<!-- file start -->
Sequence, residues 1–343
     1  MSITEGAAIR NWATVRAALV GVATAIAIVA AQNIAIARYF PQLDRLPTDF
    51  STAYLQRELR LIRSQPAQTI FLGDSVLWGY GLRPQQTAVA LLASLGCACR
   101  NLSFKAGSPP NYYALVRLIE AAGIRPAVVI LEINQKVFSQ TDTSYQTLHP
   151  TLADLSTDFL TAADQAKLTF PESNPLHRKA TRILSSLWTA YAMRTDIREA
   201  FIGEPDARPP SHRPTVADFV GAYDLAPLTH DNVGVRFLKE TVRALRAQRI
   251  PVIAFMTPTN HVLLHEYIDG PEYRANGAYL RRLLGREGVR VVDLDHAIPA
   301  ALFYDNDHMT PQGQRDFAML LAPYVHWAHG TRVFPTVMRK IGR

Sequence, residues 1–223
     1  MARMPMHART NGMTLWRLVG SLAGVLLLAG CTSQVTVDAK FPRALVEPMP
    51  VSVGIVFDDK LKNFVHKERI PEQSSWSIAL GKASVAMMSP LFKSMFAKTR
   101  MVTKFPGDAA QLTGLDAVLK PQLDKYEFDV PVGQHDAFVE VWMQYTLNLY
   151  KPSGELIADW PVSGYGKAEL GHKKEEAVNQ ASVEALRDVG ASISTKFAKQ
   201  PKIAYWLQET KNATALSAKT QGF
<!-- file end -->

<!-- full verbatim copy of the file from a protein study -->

Sequence, residues 1–343
     1  MSITEGAAIR NWATVRAALV GVATAIAIVA AQNIAIARYF PQLDRLPTDF
    51  STAYLQRELR LIRSQPAQTI FLGDSVLWGY GLRPQQTAVA LLASLGCACR
   101  NLSFKAGSPP NYYALVRLIE AAGIRPAVVI LEINQKVFSQ TDTSYQTLHP
   151  TLADLSTDFL TAADQAKLTF PESNPLHRKA TRILSSLWTA YAMRTDIREA
   201  FIGEPDARPP SHRPTVADFV GAYDLAPLTH DNVGVRFLKE TVRALRAQRI
   251  PVIAFMTPTN HVLLHEYIDG PEYRANGAYL RRLLGREGVR VVDLDHAIPA
   301  ALFYDNDHMT PQGQRDFAML LAPYVHWAHG TRVFPTVMRK IGR

Sequence, residues 1–223
     1  MARMPMHART NGMTLWRLVG SLAGVLLLAG CTSQVTVDAK FPRALVEPMP
    51  VSVGIVFDDK LKNFVHKERI PEQSSWSIAL GKASVAMMSP LFKSMFAKTR
   101  MVTKFPGDAA QLTGLDAVLK PQLDKYEFDV PVGQHDAFVE VWMQYTLNLY
   151  KPSGELIADW PVSGYGKAEL GHKKEEAVNQ ASVEALRDVG ASISTKFAKQ
   201  PKIAYWLQET KNATALSAKT QGF